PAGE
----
Here is the Bendavid and Bhattacharya WSJ piece that perhaps has had the biggest popular influence. They argue that many more people have had Covid-19 than we think, the number of asymptotic cases is very large, and the fatality of the virus is much lower than we think, perhaps not much worse than the flu. But their required rate of asymptomatic cases is implausibly high.
The best evidence (FT) for asymptomatic cases ranges from 8 to 59 percent, and that is based on a number of samples from China and Italy, albeit imperfect ones. Icelandic data — they are trying to sample a significant percentage of their population — suggest an asymptomatic rate of about 50 percent. To be clear, none of those results are conclusive and they all might be wrong. (And we should work much harder on producing better data.) But so far there is no particular reason to think those estimates are wrong, other than general uncertainty. You would have to argue that the asymptomatic cases usually test as negative, and while that is possible again there is no particular reason to expect that. It should not be your default view.
Marc Lipitsch put it bluntly:
The idea that covid is less severe than seasonal flu is inconsistent with data and with the fact that an epidemic just gathering steam can overwhelm ICU capacity in a rich country like Italy or China.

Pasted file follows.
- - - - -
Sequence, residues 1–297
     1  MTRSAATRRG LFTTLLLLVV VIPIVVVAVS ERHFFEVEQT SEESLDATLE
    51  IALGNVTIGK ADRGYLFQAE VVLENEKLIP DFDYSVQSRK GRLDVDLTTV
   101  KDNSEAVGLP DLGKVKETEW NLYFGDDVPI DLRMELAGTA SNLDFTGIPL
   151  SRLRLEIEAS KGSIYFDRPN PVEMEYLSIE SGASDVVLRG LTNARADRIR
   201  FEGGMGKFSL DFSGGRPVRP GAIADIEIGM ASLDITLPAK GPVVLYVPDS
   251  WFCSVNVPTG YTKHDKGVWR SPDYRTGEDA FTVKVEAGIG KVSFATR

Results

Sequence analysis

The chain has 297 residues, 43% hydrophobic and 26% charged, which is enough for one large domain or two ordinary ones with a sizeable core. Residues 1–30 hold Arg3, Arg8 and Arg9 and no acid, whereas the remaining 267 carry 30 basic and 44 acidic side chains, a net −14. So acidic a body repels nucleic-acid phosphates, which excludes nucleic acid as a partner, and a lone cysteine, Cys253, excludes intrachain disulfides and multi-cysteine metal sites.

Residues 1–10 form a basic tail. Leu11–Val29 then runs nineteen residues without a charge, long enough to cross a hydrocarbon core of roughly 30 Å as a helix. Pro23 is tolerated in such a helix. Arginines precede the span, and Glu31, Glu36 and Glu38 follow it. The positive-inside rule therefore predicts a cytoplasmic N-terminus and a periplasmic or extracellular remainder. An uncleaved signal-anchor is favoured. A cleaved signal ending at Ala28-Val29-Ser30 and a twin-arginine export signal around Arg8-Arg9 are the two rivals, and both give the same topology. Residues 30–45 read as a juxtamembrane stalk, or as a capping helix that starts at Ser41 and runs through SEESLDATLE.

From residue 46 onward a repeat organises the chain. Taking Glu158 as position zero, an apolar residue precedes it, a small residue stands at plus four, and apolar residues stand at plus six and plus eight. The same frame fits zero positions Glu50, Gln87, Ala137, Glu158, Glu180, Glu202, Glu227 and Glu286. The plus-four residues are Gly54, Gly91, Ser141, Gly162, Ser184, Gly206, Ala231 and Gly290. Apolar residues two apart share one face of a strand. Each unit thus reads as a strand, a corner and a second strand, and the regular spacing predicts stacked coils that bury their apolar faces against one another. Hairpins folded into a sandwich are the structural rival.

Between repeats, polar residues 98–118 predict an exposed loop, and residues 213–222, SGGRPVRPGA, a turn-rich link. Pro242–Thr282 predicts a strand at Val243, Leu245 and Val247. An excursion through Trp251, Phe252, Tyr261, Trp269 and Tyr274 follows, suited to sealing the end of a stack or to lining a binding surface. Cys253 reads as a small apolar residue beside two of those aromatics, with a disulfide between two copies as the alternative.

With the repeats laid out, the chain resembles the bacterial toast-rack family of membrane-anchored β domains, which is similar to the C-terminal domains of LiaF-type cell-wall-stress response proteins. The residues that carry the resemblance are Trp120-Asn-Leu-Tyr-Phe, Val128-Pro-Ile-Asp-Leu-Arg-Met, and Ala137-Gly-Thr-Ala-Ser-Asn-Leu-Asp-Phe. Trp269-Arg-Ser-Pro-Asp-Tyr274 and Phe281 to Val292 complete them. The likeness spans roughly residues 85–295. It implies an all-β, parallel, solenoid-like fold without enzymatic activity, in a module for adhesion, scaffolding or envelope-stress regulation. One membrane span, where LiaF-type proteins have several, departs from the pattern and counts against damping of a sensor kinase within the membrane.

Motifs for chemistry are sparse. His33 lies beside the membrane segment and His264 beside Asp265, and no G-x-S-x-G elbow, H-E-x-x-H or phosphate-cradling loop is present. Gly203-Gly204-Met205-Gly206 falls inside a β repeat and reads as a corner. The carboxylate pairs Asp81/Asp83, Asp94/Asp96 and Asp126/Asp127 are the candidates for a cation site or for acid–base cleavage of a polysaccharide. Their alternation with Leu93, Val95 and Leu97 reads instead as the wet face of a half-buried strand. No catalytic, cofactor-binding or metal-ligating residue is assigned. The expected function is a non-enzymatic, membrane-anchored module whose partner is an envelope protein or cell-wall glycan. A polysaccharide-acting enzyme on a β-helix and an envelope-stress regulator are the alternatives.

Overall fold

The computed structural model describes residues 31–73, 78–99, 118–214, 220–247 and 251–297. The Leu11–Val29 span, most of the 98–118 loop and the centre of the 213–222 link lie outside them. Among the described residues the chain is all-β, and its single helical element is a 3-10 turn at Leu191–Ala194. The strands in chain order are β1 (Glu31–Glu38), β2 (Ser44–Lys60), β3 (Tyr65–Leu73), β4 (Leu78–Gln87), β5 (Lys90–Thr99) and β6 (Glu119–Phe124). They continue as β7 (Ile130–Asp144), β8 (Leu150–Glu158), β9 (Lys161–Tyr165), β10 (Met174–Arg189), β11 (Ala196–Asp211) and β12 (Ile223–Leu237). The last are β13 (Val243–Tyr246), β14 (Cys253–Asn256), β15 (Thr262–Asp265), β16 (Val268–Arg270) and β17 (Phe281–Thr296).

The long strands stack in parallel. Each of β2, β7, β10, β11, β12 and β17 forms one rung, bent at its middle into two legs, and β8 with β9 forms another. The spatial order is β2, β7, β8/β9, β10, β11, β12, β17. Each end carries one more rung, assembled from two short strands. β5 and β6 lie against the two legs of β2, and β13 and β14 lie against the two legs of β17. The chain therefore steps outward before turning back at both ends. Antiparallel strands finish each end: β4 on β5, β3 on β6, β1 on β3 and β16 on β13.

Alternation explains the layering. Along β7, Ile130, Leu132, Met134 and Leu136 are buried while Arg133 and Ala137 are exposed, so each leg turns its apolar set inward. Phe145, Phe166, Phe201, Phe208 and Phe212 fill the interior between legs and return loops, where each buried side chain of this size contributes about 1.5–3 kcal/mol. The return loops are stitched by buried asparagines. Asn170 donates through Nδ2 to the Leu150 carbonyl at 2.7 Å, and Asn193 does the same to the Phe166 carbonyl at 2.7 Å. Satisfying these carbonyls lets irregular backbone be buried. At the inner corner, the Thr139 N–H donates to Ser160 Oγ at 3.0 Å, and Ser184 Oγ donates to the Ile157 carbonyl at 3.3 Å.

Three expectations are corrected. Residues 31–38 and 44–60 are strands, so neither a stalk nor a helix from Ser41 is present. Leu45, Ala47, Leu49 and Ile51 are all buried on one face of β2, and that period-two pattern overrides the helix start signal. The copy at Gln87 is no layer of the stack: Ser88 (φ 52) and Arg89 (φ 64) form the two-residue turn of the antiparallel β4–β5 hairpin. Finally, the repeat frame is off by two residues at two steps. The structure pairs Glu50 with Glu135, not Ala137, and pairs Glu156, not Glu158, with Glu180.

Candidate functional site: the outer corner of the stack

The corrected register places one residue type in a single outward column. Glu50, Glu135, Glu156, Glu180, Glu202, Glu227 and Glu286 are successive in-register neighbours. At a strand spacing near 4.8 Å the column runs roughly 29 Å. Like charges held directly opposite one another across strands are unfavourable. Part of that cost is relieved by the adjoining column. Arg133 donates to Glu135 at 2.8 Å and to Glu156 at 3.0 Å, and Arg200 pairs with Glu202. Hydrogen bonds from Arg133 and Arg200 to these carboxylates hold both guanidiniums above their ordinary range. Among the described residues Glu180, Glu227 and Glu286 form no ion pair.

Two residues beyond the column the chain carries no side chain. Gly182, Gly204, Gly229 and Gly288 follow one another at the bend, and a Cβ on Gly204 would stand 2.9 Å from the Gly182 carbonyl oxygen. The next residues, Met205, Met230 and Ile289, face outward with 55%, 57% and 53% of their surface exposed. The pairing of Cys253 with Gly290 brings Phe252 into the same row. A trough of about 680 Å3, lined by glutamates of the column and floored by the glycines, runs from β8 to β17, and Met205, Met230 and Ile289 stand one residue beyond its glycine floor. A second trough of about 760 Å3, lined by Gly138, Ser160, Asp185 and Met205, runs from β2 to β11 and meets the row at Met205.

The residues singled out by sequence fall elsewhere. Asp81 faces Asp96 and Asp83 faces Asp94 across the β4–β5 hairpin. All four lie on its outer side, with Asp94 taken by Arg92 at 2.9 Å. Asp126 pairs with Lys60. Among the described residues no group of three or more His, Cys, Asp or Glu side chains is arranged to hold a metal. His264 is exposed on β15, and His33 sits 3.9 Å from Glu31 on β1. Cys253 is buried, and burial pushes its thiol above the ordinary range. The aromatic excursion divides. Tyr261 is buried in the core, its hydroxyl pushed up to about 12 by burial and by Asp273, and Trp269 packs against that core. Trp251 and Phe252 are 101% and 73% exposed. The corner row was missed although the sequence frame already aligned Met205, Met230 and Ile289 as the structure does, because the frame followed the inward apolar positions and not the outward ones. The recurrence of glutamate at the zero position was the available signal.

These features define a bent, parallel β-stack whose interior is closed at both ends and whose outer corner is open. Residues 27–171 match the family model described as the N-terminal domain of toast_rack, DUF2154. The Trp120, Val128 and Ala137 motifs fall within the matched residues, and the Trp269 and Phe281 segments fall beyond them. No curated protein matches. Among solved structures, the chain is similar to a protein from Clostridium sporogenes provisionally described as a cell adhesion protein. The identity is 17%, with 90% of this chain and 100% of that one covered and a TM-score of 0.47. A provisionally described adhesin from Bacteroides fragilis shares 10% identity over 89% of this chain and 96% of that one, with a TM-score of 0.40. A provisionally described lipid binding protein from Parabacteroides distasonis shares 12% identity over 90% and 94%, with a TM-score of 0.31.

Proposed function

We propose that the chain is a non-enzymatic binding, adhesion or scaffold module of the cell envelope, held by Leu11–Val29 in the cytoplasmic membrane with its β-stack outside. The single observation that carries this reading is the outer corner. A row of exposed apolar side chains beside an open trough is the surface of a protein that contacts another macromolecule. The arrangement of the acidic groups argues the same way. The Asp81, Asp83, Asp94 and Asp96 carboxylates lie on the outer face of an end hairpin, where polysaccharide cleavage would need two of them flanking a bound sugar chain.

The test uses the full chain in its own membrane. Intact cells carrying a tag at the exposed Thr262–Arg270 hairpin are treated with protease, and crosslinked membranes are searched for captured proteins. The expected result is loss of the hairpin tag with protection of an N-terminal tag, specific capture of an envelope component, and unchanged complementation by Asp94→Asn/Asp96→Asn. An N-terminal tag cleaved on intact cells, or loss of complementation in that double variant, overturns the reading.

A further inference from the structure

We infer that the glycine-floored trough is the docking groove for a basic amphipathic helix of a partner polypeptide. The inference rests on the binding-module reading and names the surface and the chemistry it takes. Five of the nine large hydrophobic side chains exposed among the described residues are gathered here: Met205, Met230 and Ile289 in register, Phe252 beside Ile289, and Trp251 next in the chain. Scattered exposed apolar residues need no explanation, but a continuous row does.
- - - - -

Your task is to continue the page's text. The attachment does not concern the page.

Furthermore, the “optimistic” view implies a much faster spread for Covid-19 than would fit our data from previous viral episodes, which tend to come in waves and do not usually infect so many people so quickly.
So I give this scenario of a very low fatality rate some chance of being true, but again you ought not to believe it. The positive evidence for it isn’t that strong, and you have to believe a very specific and indeed unverified claim about the asymptomatic cases testing negative, and also about current spread being unprecedentedly rapid.
Here is Tim Harford’s take (FT) on all this, he and I more or less agree.
By the way, Neil Ferguson didn’t walk back his predictions. That was fake news.
So we still need to be acting with the presumption that the relatively pessimistic account of the risks is indeed true. Subject to revision, as always.